Who’s in charge of your career?
In a recent survey conducted, it was discovered that the leading reason why staff leave their jobs was due to lack of career prospects. As a headhunter, I often encounter that as well. Many candidates may enjoy the work they do or love their bosses, but if they do not see a clear career path in their near future, they will move.
The scary part is that many candidates I talk to feel unhappy that their company has not provided them with a clear career development plan. They speak as though it is their employer’s obligation to furnish them with a black and white plan.
Many years ago, when I joined Shell, I was actually given such a plan for the first 5 years of my career. I was told that I was to be rotated amongst various functions and by Year 5, my expected salary and job grouping would be X and Y. All I had to do was to focus on getting my job done.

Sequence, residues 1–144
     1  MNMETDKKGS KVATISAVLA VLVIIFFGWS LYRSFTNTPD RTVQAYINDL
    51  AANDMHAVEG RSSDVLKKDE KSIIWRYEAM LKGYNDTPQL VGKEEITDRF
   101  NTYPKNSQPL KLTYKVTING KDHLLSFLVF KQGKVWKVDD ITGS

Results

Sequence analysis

Today, such 5-year career development plans are not very common. Why? I think it’s because the average length of stay on a job has shrunk to 3 years and people just don’t want to stick around to see what the company will offer in 5 years, when a headhunter with a better offer is courting them in year 4. Hence, companies are not really inclined to manage your career for you anymore.
So, the onus of planning your own career falls upon yourself. You have to start asking yourself, “Where do I want to be in 5 years’ time? Do I still want to be in this industry? Do I enjoy this function (HR/Sales/Finance/etc)? Do I want to be in a larger regional role?”
The final responsibility for career planning lies with you, not your company. Do you have a Career Strategy™ today? Read the other articles on this site or buy the book for more ideas on that!